The Research and Development (R&D) Tax Incentive is one of the government’s key schemes to support innovation, increase productivity and drive economic growth in Australia.
So what does that mean for directors of engineering and construction companies?
Businesses can offset some of the costs to reduce the financial risks associated with R&D investment decisions.
However … in our experience, one of the main reasons so many businesses do not claim R&D tax credits is that they are unaware that their industry is eligible.
This article makes sure that this won’t happen.
In simple terms – if your company is conducting R&D activities that are designed to solve technical problems or develop new products or services…
Some of those activities may qualify for the tax offset under the incentive.
To make this a little simpler, below we’ve outlined two practical case studies of R&D activities in the engineering and construction industry.
In this scenario we explore the development of a new method of removing contaminants from ground material.
Design & Construct (D&C) is a construction company that is developing a new commercial centre. As part of this project, D&C will undertake the civil works for the site development. As part of the initial planning work, D&C conducted geotechnical analysis of the proposed development site.
The geotechnical analysis highlighted issues with an unusually high level of hazardous material in the planned footprint of the commercial centre and would need to be removed prior to the commencement of works.
Based on D&C’s industry expertise, and from background research conducted, the company believed that there may be a new method that will more effectively treat and remediate ground material.
Informed by the company’s background research, D&C’s proposed to develop a new method of ground contamination remediation. They thought that applying the use of a new chemical compound that is capable of changing the state of contaminants from a solid to liquid state.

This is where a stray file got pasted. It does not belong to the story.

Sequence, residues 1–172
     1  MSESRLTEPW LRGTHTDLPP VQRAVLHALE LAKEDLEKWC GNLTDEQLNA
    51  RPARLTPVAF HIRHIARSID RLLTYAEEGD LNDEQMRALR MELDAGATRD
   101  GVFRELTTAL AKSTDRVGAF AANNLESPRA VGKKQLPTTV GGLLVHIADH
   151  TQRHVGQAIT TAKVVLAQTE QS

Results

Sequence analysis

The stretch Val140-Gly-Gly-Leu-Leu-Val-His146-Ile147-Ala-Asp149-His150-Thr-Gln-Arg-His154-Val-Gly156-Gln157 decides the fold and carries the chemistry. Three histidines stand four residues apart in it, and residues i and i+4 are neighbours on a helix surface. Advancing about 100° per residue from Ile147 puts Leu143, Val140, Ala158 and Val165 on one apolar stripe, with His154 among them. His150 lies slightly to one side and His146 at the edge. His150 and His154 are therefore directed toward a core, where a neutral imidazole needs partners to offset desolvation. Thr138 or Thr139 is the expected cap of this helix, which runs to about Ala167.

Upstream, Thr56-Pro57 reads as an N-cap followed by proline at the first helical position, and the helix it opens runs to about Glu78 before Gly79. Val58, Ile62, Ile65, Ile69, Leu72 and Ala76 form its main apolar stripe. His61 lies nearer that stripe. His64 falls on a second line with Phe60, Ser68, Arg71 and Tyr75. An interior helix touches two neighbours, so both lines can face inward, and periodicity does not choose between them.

Further, D&C proposed to trial the use of underground trenches two metres below ground surface then use a high-pressure water system to saturate the surrounding ground with a mixture of water and the chemical at a ratio of 2:1.
So, D&C developed the hypothesis …
If a 2:1 ratio of water and a new chemical compound, when combined, then applied to ground material, the chemical mixture will convert the contaminant into a liquid state and strip it from the ground material enabling it to be collected safely in a drainage system.
A small-scale trial was undertaken over two weeks and although promising, the trial was not completely successful as the mixture ratio was not fully effective in removing the contaminants from the ground material.
The company analysed the results and modified its hypothesis. Next, they proposed another trial using an adjusted ratio of 1:1 water to chemical. This new ratio was thought likely to be more effective.
This second trial proceeded for a further two weeks on a different part of the site and the new mixture ratio was found to be successful. Following this, D&C applied the method to the remaining site area.
Types Of R&D Activity In This Scenario:
OK, let’s break this down:
What wasn’t considered part of the R&D activities?
Not everything can be claimed!
Here are activities that would NOT be considered as R&D:
In this scenario, we explore the development of a new form of penetrative imaging technology that enables large structures to be scanned from distances. The example looks at a mature industry that is applying new technologies to existing processes.
Structural Scanning (StrucScan) has significant expertise in identifying potential structural defects. Their current process involves the use of contact probes, which is slow and produces variable image quality.
One of StrucScan’s engineers discovered research into composite imaging techniques that enable large structures to be scanned from distances of up to 50 metres. However, this new technology is not designed to be used for scanning railway bridges and tunnels. Also, there are technical uncertainties of whether the technology could be adopted to provide accurate readings on railway bridges and tunnels due to the magnetic interferences.
StrucScan decided to investigate whether it could use this technology to accurately scan railway bridges and tunnels, and perhaps reduce the time taken to scan structures.
So they devised hypotheses and experiments that involved designing a new scanning device which is adopted for scanning bridges and tunnels, and conducting a series of trials during which four bridges and seven tunnels were analysed, using both the regular method of contact probes at each location and the prototype scanning method.
The scanning of bridges using the new standoff method was found to produce better results and was able to identify features that the traditional scanning methods couldn’t, because of the capacity for scanning at multiple frequencies. The standoff method also enabled bridges to be scanned in less than half the time.
Types Of R&D Activity
OK, hopefully those examples give you some context for your own projects.
Are you possibly doing R&D that is eligible?
At Gild – we have highly specific expertise, connections and experience in the construction industry, especially when it comes to R&D.
If you’re doing something new or different, chances are part of your expenditure is eligible for the R&D Tax Incentive …
Reach out to your Gild Client Manager so we can discuss your unique situation.